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by Bob Skladany, December 29, 2008
All your hard work—the resume tweaking, the anxiety, the frustration, the researching, the interviewing, and the reference checking—has finally paid off. Congratulations, you’ve got the job!
Chances are you get this news in a phone call. You feel a flush of excitement and a sense of relief that you haven’t enjoyed in months. Now, more than ever, it is important to put your emotions aside and ask some important questions before you consider the offer.
Your Acceptance Criteria
Hopefully, before you receive your first offer, you’ve set some standards to guide your decision process. These should include:
Employment status. Will you be a regular employee or a contractor?
Pay. What is your preferred salary level, and what is your lowest acceptable amount?
Health benefits. Do you or don’t you need health benefits? Do the benefits need to be comprehensive or merely supplemental to Medicare or other insurance? How much are you prepared to pay?
Other benefits. What are your requirements for life insurance, disability income, and other essential insurance benefits?
Paid time off. What are your minimum expectations for paid holidays, vacations, and other paid leave?
Retirement income and savings plans. Are you hoping for a traditional employer-paid defined benefit pension (not very likely in most industries) or at least an employer-matching savings plan? A minimal savings plan should provide an employer match of 2 to 4 percent of your total annual pay.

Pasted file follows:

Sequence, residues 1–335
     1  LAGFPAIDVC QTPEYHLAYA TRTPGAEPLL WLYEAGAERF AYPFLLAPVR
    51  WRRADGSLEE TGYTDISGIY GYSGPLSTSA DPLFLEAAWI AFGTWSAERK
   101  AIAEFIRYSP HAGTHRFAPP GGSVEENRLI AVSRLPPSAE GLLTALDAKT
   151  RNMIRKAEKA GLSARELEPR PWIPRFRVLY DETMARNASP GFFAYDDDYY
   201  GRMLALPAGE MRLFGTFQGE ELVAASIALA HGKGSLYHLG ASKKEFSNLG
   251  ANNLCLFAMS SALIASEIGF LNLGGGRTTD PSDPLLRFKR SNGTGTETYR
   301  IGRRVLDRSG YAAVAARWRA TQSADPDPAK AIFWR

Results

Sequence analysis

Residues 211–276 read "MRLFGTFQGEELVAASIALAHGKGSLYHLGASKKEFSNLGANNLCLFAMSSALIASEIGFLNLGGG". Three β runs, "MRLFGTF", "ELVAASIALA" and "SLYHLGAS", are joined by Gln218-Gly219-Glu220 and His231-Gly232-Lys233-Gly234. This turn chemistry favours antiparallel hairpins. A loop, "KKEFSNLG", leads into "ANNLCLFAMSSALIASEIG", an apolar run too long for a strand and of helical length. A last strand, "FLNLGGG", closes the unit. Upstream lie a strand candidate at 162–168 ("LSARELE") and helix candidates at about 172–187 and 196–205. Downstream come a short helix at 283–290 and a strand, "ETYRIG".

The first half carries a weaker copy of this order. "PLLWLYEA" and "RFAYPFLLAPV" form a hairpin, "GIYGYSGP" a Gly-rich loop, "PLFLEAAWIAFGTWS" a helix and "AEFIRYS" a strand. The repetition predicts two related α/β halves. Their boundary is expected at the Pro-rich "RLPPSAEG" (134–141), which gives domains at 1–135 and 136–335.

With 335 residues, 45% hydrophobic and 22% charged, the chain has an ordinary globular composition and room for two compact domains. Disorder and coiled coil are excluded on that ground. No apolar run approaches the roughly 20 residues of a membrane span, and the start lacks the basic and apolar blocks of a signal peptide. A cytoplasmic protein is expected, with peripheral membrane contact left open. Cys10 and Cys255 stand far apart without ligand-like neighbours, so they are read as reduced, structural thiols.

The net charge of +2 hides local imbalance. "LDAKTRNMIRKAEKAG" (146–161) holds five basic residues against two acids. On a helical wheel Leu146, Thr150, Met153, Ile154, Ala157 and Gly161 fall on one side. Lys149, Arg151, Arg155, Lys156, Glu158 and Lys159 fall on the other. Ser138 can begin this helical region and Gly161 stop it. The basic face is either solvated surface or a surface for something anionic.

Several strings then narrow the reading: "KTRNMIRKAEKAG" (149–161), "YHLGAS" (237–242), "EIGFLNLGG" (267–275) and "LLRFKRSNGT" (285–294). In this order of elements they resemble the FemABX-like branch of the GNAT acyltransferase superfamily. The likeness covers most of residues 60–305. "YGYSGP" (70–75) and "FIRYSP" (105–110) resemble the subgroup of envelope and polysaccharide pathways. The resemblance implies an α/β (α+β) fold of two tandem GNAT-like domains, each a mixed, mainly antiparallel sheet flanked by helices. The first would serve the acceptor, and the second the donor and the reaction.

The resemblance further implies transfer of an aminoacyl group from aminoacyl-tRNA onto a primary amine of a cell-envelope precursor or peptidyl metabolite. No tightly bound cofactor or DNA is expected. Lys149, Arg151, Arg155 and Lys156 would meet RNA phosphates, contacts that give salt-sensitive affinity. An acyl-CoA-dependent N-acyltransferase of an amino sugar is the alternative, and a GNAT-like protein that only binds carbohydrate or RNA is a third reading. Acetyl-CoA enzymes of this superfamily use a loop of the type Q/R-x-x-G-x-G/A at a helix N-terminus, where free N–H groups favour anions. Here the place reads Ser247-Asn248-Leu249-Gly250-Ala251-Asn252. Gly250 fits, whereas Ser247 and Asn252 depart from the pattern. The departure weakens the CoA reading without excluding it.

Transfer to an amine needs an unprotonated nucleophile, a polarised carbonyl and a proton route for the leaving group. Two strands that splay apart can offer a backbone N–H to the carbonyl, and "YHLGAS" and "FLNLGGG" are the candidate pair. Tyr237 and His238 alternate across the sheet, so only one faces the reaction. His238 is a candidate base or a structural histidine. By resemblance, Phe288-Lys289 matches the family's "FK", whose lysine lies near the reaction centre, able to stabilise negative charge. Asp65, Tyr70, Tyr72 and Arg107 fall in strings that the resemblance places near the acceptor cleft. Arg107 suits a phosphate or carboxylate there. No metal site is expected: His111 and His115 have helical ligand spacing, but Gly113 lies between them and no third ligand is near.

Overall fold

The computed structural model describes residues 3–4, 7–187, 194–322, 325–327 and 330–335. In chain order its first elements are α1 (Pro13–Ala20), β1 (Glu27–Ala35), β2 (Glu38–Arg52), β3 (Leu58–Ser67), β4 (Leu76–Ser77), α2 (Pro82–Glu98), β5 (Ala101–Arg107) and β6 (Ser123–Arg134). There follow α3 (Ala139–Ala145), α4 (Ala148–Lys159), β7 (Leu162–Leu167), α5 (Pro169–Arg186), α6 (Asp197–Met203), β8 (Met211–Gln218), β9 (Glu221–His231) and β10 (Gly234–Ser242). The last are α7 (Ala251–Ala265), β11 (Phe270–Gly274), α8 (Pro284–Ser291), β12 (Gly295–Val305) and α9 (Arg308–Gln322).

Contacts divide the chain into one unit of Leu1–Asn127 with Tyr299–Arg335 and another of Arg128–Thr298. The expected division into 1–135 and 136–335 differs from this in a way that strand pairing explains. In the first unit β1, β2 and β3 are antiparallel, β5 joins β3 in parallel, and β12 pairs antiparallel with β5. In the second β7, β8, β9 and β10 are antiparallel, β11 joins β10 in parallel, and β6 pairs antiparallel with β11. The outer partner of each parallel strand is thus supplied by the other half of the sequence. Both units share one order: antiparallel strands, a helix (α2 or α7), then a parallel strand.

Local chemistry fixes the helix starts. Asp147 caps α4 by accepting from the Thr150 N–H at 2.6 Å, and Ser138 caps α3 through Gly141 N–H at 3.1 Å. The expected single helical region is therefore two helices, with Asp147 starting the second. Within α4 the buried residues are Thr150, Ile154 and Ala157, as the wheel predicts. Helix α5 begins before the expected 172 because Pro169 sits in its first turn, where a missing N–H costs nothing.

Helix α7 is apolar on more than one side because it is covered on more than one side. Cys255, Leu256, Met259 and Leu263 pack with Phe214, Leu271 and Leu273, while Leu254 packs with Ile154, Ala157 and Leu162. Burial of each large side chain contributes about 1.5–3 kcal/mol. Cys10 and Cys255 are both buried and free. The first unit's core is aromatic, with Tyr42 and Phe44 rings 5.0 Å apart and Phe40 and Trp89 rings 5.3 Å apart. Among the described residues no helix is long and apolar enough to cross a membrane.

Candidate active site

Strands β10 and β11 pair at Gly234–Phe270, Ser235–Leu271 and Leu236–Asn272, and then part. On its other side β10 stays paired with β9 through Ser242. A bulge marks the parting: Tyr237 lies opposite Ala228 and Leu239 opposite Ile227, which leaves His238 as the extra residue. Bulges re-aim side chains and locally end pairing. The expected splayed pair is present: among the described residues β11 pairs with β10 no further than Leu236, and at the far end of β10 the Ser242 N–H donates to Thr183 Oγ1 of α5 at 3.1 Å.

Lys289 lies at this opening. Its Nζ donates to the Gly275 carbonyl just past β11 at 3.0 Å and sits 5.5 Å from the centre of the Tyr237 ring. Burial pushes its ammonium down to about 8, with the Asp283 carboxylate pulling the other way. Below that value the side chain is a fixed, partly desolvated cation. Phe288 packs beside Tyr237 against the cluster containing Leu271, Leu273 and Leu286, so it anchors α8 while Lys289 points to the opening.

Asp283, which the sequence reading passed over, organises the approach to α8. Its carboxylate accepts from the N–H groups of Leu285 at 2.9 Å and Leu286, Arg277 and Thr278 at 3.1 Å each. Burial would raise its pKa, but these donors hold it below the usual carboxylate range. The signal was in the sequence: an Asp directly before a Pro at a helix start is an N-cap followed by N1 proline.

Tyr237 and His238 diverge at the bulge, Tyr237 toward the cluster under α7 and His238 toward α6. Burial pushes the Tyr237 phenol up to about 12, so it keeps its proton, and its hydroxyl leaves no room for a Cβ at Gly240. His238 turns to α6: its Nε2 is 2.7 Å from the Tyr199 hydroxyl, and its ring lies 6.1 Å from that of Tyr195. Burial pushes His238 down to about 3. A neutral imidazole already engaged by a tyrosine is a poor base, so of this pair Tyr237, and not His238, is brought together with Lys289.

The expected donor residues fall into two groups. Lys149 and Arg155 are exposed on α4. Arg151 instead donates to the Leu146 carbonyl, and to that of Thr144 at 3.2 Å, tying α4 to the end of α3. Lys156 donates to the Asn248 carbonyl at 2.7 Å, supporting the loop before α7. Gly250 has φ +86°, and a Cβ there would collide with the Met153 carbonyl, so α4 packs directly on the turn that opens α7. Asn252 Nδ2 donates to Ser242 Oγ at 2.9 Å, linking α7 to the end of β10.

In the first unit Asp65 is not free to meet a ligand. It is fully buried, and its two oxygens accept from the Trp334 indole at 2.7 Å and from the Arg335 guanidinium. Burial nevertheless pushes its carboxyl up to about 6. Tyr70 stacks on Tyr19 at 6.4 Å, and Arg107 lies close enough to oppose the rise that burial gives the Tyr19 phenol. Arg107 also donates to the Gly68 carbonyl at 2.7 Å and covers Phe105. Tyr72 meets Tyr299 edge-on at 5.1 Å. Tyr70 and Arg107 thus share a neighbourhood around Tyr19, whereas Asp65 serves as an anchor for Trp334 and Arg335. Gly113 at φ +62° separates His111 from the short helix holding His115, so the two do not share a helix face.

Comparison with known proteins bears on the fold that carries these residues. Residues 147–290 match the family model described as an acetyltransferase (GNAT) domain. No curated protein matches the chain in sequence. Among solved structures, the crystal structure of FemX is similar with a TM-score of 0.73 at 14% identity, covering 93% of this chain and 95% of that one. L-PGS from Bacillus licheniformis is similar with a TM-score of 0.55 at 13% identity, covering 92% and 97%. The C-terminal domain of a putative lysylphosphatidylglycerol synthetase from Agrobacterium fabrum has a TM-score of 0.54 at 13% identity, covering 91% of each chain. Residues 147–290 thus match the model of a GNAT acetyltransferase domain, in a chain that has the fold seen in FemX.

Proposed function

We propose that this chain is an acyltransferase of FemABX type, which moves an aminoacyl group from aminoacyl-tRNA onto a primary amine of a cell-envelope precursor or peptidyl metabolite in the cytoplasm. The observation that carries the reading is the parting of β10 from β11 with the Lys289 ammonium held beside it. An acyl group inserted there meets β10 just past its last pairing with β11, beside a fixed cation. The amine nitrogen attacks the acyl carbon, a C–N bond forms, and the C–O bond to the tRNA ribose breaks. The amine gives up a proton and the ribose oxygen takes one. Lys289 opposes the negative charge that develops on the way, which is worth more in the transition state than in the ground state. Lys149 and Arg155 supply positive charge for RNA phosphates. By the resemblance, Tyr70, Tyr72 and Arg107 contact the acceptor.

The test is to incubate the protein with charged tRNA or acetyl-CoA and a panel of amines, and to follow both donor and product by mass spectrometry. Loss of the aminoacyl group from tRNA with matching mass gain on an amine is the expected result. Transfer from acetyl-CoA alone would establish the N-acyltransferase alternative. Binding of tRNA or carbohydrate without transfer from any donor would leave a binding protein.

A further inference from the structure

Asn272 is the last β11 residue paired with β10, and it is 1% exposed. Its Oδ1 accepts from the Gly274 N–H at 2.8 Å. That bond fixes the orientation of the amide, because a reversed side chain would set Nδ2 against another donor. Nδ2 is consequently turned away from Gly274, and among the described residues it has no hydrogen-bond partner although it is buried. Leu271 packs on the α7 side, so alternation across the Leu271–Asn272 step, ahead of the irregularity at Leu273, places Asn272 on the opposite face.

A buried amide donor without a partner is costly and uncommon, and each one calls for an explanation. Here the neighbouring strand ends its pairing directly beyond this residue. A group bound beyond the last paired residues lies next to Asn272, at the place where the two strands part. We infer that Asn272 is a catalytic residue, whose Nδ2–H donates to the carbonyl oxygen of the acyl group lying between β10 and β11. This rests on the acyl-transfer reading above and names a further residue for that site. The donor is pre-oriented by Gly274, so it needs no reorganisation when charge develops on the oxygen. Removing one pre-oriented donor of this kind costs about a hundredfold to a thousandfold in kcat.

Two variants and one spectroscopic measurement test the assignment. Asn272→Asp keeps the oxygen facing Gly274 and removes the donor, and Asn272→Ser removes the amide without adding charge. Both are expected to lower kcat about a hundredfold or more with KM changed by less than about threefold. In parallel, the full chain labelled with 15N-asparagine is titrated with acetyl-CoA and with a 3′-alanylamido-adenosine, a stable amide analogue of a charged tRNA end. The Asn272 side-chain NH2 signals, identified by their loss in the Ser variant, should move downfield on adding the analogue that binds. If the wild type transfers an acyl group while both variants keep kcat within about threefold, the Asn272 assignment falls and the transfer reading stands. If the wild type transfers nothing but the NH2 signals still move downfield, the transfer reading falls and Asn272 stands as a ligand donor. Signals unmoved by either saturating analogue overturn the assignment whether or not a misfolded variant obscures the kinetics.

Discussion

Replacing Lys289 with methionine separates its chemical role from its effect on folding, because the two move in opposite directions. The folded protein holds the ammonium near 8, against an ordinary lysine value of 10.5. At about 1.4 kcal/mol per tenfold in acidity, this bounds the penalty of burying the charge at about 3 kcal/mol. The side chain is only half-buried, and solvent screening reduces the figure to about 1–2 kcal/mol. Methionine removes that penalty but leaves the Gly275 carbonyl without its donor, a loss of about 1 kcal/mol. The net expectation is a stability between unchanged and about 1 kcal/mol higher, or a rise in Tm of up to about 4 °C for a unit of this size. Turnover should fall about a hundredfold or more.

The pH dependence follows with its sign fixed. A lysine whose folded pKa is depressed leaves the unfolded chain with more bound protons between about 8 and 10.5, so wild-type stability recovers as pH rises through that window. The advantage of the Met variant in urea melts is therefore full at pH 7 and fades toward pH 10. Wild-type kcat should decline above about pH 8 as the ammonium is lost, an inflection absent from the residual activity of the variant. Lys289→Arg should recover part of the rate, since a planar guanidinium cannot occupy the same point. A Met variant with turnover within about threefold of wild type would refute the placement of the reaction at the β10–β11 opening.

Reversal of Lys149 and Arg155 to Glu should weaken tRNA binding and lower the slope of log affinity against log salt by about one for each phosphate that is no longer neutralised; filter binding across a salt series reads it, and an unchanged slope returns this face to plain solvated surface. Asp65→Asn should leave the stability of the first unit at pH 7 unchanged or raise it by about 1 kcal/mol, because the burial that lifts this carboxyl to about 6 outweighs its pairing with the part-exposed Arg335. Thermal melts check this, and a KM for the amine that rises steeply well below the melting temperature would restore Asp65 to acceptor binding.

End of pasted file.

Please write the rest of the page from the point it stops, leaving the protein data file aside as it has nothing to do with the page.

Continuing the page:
Work schedule and flexibility. Do you have expectations for a reduced, compressed, or nontraditional work schedule? Would you like to telecommute?
Growth and development. Is the opportunity to train, grow, and advance important to you?
Try to get your acceptance standards in place before you confront your first offer.
Reacting to the Offer
You may desperately want and need this job, but try not to let it show. Raise these items with the recruiter or hiring manager:
The position. Review the job duties, accountabilities and reporting relationships. Get a written and comprehensive description of the position.
Compensation. Ask for a clear statement of the base pay and any variable or incentive pay being offered. If they have a pay structure, ask about the pay grade and range for the job.
Benefits. Request an explanation and written summary-plan documents for any health care, welfare, pension, savings or profit-sharing plans, as well as details about the paid time-off schedule.
Work schedule. Get a clear understanding of your scheduled work hours and any potential for flexibility.
Written offer and employment agreement. It’s not required that an employer give you a written offer by letter, but it’s a good idea to ask for one. It’s another way to minimize misunderstandings at what can be an emotional time. Depending on the job and employer, you may also be given an employment agreement stating the terms and conditions of employment and any specifics that relate to your employment.
Ideally, if the job meets the bulk of your essential job requirements, it’s strongly suggested you accept on the spot after clarifying the specifics of the offer. Now, it’s time for good will and big handshakes: Recruiters really enjoy “closing a candidate,” and they’ll remember your reaction.
In the event one or more important aspects of the offer don’t meet your preliminary standards, take a moment to gather your thoughts and then objectively and directly tell the recruiter your concerns. If it comes to this, it’s the moment that will cast your reputation with the employer. If you overreach and come off as demanding, you may have damaged your future prospects. If you timidly and reluctantly accept whatever is offered, you’re likely to resent the less-than-satisfactory offer in the long run.
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